With fraudsters sharing inforamtion, and the insurance industry and authorities failing to follow suit, are criminals gaining a competitive advantage? June Lynch explains.
Criminal enterprises are aptly named - some of them have layers of organisational complexity which would baffle even the most sophisticated of global businesses.
There's no doubt about the incredible effort put into developing new ways to get around the law, as well as evading the enforcement authorities.
In particular, fraud groups, whether the criminal equivalent of a FTSE 350 company or a small start-up, operate in a world where keeping pace with what could be considered a constantly developing sector is an essential part of staying in business.
That gives them something akin to a competitive edge and, without wishing to imply any undue admiration, it means that those of us involved in trying to thwart fraud have a huge challenge on our hands.
In July, research from Experian revealed that 12 million pieces of personal information were traded online by fraudsters between January and April this year.
Barely a week goes by now where fraud doesn't feature somewhere in the news, insurance-related or otherwise.
The real concern here is that criminal fraud gangs are sharing information. They're collaborating in the way businesses and public bodies often say they will, but don't always achieve in a meaningful way.
The industry needs to respond in kind. The creation of the Insurance Fraud Register is an important step forward and a welcome statement of intent, sending the message to criminals that the industry has mobilised against them.
The government's Fighting Fraud Together (PDF) initiative has brought together parties from insurance, banking, business, law enforcement and others to encourage information sharing and bring about the kind of concerted effort we need.
There's a detailed action plan which shows the specific tactics which will be employed to tackle this long-standing issue.
It'll take time for this action to have an impact, assuming that everyone involved is sufficiently committed to maintaining momentum. For the moment, there seems to be little abatement in the volume of fraud being directed at insurers.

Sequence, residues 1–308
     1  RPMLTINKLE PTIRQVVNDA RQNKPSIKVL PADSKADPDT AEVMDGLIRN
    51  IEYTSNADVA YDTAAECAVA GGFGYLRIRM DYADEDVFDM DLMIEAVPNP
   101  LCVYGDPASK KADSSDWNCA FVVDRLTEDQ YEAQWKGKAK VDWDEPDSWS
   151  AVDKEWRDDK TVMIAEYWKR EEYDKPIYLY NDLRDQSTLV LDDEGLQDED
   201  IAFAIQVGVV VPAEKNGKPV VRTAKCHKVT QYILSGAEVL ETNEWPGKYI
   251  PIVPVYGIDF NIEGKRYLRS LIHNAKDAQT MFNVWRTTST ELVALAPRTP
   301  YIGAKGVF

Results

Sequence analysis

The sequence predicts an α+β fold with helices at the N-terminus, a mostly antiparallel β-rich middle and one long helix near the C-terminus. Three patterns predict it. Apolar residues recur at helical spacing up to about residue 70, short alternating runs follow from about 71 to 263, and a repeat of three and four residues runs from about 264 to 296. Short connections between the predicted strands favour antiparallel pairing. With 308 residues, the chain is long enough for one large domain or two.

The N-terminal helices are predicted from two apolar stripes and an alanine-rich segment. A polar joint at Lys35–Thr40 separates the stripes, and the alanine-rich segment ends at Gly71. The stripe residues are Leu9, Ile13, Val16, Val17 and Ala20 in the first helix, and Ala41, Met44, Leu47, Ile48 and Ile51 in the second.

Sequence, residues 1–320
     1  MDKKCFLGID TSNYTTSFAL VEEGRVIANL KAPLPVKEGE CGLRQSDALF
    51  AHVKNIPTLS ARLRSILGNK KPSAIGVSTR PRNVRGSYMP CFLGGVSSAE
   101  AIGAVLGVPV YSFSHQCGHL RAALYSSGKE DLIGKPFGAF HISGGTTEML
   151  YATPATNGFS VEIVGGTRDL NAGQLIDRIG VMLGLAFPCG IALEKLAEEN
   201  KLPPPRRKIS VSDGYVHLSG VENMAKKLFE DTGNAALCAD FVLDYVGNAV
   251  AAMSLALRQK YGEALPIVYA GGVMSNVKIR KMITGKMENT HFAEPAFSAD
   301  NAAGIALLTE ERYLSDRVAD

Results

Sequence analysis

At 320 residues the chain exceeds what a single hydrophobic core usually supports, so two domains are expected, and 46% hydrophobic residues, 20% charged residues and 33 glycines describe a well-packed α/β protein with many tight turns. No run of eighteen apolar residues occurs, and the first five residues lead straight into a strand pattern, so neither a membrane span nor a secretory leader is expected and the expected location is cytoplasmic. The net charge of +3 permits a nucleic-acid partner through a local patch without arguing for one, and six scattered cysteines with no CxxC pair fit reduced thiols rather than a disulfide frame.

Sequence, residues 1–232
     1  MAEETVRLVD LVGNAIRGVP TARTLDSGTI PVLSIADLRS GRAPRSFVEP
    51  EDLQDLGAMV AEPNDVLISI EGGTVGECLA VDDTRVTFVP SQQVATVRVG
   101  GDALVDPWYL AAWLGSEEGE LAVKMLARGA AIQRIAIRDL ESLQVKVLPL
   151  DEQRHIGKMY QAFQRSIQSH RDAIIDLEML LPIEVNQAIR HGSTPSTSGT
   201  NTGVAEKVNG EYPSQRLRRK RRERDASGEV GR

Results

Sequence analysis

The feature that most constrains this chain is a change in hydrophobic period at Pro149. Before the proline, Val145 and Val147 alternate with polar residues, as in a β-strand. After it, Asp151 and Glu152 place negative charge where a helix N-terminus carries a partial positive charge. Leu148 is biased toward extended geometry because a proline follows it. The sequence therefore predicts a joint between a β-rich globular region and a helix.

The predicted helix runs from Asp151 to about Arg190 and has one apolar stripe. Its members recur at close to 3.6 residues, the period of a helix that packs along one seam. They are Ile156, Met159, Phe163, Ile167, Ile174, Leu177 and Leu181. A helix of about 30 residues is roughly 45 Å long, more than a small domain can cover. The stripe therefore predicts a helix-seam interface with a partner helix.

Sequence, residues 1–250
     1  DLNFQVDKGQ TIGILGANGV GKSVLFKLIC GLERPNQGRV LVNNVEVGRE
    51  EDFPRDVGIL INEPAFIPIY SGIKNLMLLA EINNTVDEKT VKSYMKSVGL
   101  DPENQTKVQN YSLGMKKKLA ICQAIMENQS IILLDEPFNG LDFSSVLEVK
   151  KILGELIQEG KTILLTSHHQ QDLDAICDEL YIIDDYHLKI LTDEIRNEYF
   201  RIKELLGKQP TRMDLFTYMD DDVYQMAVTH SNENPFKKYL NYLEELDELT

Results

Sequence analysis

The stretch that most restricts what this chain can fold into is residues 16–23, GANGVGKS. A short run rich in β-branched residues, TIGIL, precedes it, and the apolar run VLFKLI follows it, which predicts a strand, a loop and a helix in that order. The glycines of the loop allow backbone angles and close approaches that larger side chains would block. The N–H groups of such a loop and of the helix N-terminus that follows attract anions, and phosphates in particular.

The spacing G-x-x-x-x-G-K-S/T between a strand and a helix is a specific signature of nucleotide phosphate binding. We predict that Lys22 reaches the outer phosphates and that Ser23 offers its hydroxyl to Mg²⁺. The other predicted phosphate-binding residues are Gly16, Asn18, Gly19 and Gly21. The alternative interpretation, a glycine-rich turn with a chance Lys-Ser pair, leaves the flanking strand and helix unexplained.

In the past 18 months or so, Kwik-Fit Financial Services alone has invested over £2m in a range of preventative fraud measures, which is a strong indicator that the wolves are still at the door and we are fighting hard to win this battle.
That's why the government's involvement is a must - the Fighting Fraud Together initiative has to work, and the impetus to succeed has to be continued.
The stakes are high for the criminals who participate in fraud, but the returns are currently clearly worth the risk.
By bringing together insurers and other partners, the government can tighten the net in awareness and enforcement to make that cost/benefit analysis seem like a less attractive option.
We can't allow the current situation to continue. The ABI has done some excellent work to set the wheels in motion and create effective mechanisms by which insurers and brokers alike can share information with each other and the wider world.
Following the impending introduction of the Insurance Fraud Register, expected during the third quarter of 2012, there's a real feeling of pace and intent starting to develop around this issue.
Continued government support is the next link in the chain, and is the conduit by which a cross-sector anti-fraud initiative will best succeed.
Not only does it lend confidence to the various business and industry bodies that they're not alone in their struggle, but an aggressive, high-profile anti-fraud stance from the government sends a message to perpetrators that the risk of being caught is increasing by the day.
June Lynch, managing director, Kwik-Fit Financial Services
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